Ending the Black Sea grain deal as announced this week would hit hard in numerous ways, warned Turkish President, Recep Tayyip Erdogan, adding that Turkiye is already working to prevent this, Anadolu Agency reports.
“The termination of the Black Sea grain initiative will have a range of (harmful) effects, ranging from raising global food prices, in some regions to famine and then new waves of migration. We do not hesitate to take the initiative to prevent this,” Erdogan told reporters on Thursday on the presidential plane returning from a three-nation Gulf tour.
“I believe that by discussing the issue in detail with (Russian President Vladimir) Putin, we will ensure the continuation of this humanitarian movement,” he added, hinting at Turkiye’s unique role as a country on good terms with both Russia and Ukraine, which helped it originally broker the deal along with the UN.
On 17 July, Russia suspended its participation in the deal, which it signed last July along with Turkiye, the UN and Ukraine to resume grain exports from three Ukrainian Black Sea ports, paused after the Russia-Ukraine war began in February. But even when renewing the deal in previous months, Moscow has complained that the Russian part of the agreement was not being implemented.
Erdogan said Putin has expectations from Western countries on the grain deal, adding: “Western countries need to take action in this regard.”
Under the landmark deal, more than 33 million tons of grain was shipped from Ukrainian ports, preventing a global food crisis, he said, adding: “The continuation of such a vital initiative in terms of its results is for the benefit of humanity.”
Erdogan denied rumours that Turkiye’s importance in mediation between Russia and Ukraine has fallen.
“On the contrary, we are currently maintaining our relations with Russia. Both Foreign Minister, Hakan (Fidan), and (National Intelligence Organisation) MIT head, Ibrahim (Kalin) continue their negotiations,” Erdogan added.
Talks with Putin
The President added that he might soon have a phone call with Putin without waiting for a possible August meeting.
Previously, Erdogan said Putin is expected to visit Turkiye in August to discuss bilateral relations and regional issues, including the Black Sea grain deal.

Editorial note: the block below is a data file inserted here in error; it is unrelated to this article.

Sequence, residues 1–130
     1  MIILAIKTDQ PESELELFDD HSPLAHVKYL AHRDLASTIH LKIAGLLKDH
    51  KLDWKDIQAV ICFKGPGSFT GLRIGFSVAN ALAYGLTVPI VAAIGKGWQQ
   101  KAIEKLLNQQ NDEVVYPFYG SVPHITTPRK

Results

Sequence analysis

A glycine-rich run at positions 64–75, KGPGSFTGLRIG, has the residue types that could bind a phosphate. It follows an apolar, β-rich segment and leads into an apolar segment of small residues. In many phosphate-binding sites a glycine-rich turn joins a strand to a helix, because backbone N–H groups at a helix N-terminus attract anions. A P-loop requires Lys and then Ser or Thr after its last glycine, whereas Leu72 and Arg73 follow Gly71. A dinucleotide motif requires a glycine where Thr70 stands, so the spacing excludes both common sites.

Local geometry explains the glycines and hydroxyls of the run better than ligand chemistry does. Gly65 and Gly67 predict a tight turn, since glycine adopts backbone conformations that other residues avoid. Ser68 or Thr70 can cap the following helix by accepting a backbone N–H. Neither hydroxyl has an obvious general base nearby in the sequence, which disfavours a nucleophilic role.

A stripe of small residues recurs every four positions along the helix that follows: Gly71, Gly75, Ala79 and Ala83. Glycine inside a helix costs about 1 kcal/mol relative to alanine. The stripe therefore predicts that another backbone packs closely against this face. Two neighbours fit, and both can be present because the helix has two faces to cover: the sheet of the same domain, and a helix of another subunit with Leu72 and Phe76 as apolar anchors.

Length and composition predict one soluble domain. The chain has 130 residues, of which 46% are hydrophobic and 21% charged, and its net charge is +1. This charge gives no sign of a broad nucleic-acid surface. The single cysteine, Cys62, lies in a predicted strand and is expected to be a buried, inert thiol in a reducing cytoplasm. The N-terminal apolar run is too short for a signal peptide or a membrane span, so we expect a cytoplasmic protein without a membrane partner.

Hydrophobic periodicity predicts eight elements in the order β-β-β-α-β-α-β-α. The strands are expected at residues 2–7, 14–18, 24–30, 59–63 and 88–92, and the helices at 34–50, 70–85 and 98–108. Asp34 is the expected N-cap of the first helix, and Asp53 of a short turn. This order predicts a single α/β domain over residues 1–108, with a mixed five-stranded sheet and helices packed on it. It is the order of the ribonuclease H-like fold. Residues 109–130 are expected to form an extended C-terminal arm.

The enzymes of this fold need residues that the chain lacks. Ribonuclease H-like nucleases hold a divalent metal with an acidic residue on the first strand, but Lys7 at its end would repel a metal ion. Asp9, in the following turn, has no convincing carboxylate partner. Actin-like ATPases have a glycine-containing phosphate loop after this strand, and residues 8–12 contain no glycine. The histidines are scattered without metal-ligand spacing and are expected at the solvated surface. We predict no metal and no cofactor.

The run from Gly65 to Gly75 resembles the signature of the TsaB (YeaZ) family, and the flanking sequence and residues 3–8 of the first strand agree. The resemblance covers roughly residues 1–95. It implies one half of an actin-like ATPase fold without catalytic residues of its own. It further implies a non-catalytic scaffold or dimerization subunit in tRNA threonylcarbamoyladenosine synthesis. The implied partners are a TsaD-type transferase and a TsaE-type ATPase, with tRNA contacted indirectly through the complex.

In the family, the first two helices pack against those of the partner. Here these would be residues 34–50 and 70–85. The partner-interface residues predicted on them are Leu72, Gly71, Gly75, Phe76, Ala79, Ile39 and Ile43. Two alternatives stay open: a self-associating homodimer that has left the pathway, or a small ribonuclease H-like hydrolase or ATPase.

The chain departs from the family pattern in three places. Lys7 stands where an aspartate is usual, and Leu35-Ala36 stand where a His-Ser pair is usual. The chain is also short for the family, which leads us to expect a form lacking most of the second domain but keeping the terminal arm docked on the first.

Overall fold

“Russia also has some expectations. If these are met, Russia is in favour of active operation of this grain corridor,” he added.
Turkiye will use all its diplomatic tools to make sure the Black Sea grain deal resumes, he said, adding: “A consensus has been reached that serves humanity in a war environment, and we will do our best to keep it going.
He said hopefully: “I believe that we will ensure continuation of the Black Sea Grain Initiative before the process is prolonged.”
Turkiye, internationally praised for its unique mediator role between Ukraine and Russia, has repeatedly called on Kyiv and Moscow to end the war, now over 500 days old, through negotiations.
Turning to this week’s three-nation Gulf tour, which included Saudi Arabia, Qatar and the UAE, Erdogan said regional issues should be addressed through regional cooperation.
“In this respect, we agreed on the continuation of our consultation and coordination on regional issues,” he added.
Turkiye has entered a new era in its bilateral relations with Saudi Arabia, said Erdogan, adding that Ankara furthered its cooperation with five agreements it signed with Riyadh.
Turkiye and Qatar marked the 50th anniversary of the establishment of diplomatic relations, Erdogan said, adding that he agreed with Qatari Emir, Sheikh Tamim bin Hamad Al Thani, to further extend “excellent” cooperation in various fields.
During his visit to the UAE, Erdogan said Ankara and Abu Dhabi signed a total of 13 deals worth $50.7 billion.
There is a substantial potential between Turkiye and the UAE in the areas of trade and investment, Erdogan said, adding: “With the joint agreement we signed, we have raised our relations to the level of a strategic partnership. We established a high-level strategic council mechanism. With the establishment of the mechanism, we have provided a platform where we can discuss issues on our agenda at the highest level.”
The Gulf visit saw the signing of “the biggest” defence and aerospace export contracts in Turkish history, he said.
“All these agreements, beyond their monetary rewards, are signs of the Gulf countries’ trust in Turkiye’s economy and industry,” he added.
Sweden’s NATO bid
On Sweden’s pending NATO membership bid, Erdogan said Stockholm’s accession to the alliance is at the discretion of the Turkish Parliament.
At a recent NATO summit in Lithuania, Erdogan agreed to forward to the Turkish Parliament Sweden’s bid to join NATO for a ratification vote. As Parliament is currently on summer recess, it will take up the legislation this fall. All current members of NATO have to agree to any new additions.
Finland and Sweden applied for NATO membership shortly after Russia launched its war on Ukraine in February 2022.
Although Turkiye approved Finland’s membership to NATO, it is waiting for Sweden to fulfil its commitments not to provide shelter to terrorists and supporters of terrorists and not to facilitate their actions.
“We will follow the promises and guarantees given by the Swedish side. We will take action according to the steps Sweden takes,” Erdogan explained.
“Turkiye joining the EU – a nation that is the locomotive of NATO, with its second-strongest army – will also add vitality and strength to the union,” Erdogan said.
Sweden can boost its NATO bid by taking concrete steps in the fight against terror groups and extraditing terrorists, Erdogan stressed, adding: “We look forward to the fulfilment of promises and guarantees.”